The United Auto Workers labor union, or UAW, has expanded its strike against two of the Big Three Detroit automakers, including GM, targeting the GM Lansing Delta Township plant in Lansing, Michigan. The GM Lansing Delta Township plant assembles the Chevy Traverse and Buick Enclave, and is scheduled to to begin production of the GMC Acadia. The UAW also expanded its strike against Ford, but opted not to expand its strike against Stellantis, at least for the time being.
The UAW announced the new strike targets via social media today after reports earlier this week indicated the union would expand its strike in the event that significant progress was not made in contract negotiations.
“To be clear, negotiations haven’t broke down,” UAW President Shawn Fain said in a livestream address. “We’re still talking with all three companies. And I’m still very hopeful that we can reach a deal that reflects the incredible sacrifices and contributions our members have made over the last decade. But I also know that what we win at the bargaining table depends on the power we build on the job. It’s time to use that power.”
In addition to expanding the strike to include the GM Lansing Delta Township plant, the UAW has also announced that it is now striking at Ford’s Chicago Assembly plant in Illinois. UAW members at both facilities walked off the job at noon, sending a further 7,000 autoworkers to the picket line. At present, roughly 25,300 UAW members are on strike. The UAW represents a total of 146,000 autoworkers across all three of the Big Detroit automakers. The UAW opted not to expand its strike against Stellantis this week, with the union citing more substantial progress in negotiations with Stellantis.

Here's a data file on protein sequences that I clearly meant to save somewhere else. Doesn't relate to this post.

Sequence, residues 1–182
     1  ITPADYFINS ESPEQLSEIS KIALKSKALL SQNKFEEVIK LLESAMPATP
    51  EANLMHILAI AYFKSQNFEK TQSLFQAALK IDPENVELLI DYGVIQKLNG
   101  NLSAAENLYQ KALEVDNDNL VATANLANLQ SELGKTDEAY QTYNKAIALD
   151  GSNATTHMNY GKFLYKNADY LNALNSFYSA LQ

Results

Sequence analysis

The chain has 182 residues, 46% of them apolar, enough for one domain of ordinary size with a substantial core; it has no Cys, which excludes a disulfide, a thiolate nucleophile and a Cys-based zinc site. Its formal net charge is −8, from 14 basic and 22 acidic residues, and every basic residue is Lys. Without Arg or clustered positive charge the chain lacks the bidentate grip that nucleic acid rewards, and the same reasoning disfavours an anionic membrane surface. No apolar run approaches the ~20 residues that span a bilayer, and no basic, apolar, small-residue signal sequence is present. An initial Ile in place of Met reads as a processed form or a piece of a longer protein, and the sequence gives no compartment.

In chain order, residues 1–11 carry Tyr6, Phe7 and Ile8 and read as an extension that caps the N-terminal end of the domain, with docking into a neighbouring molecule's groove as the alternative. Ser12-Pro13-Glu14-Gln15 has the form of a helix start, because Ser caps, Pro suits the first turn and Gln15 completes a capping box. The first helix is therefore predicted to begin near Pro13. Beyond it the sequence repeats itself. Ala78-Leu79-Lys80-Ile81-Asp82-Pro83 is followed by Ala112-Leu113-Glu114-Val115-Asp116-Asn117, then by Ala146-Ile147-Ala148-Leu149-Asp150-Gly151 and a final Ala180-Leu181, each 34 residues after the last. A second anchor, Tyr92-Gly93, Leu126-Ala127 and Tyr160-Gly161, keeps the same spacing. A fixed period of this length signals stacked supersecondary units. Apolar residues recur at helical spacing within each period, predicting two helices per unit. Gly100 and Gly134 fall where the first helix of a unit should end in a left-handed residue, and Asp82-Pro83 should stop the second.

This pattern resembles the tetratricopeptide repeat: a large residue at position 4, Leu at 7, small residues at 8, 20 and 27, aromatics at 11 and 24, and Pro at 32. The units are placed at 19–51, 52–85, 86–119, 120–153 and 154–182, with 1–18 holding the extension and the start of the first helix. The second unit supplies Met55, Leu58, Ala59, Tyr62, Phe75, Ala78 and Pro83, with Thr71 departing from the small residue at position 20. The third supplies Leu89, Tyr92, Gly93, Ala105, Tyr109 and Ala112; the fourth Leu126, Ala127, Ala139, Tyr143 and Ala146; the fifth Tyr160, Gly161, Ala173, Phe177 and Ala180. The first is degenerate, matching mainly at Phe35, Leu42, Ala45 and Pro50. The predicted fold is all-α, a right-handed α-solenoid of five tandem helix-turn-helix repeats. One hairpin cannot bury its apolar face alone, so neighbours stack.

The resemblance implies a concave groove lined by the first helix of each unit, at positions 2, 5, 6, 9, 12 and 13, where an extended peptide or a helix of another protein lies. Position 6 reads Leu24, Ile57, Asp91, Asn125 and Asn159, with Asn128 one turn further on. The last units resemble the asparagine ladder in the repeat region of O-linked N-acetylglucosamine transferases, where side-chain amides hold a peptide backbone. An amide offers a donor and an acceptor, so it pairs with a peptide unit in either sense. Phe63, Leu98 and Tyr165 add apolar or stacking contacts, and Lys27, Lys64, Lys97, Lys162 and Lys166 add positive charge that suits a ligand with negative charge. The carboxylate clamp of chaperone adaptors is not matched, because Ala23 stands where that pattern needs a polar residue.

GM Executive Vice President, Global Manufacturing, Gerald Johnson responded to the strike expansion with a statement.
“We still have not received a comprehensive counteroffer from UAW leadership to our latest proposal made on September 21,” Johnson’s statement reads. “Calling more strikes is just for the headlines, not real progress. The number of people negatively impacted by these strikes is growing and includes our customers who buy and love the products we build. For our part, we continue to stand ready and willing to negotiate in good faith to reach an agreement that benefits you and doesn’t let the non-union manufacturers win.”
Johnson added that the current “record proposal” offers “historic wage increases and job security while not jeopardizing our future.”
The UAW began its strike following the expiration of the previous labor contracts on September 14th. Rather than strike at all facilities all at once, the UAW is employing a targeted strike strategy that calls for walkouts at certain facilities, a move that is believed to provide union negotiators with greater flexibility.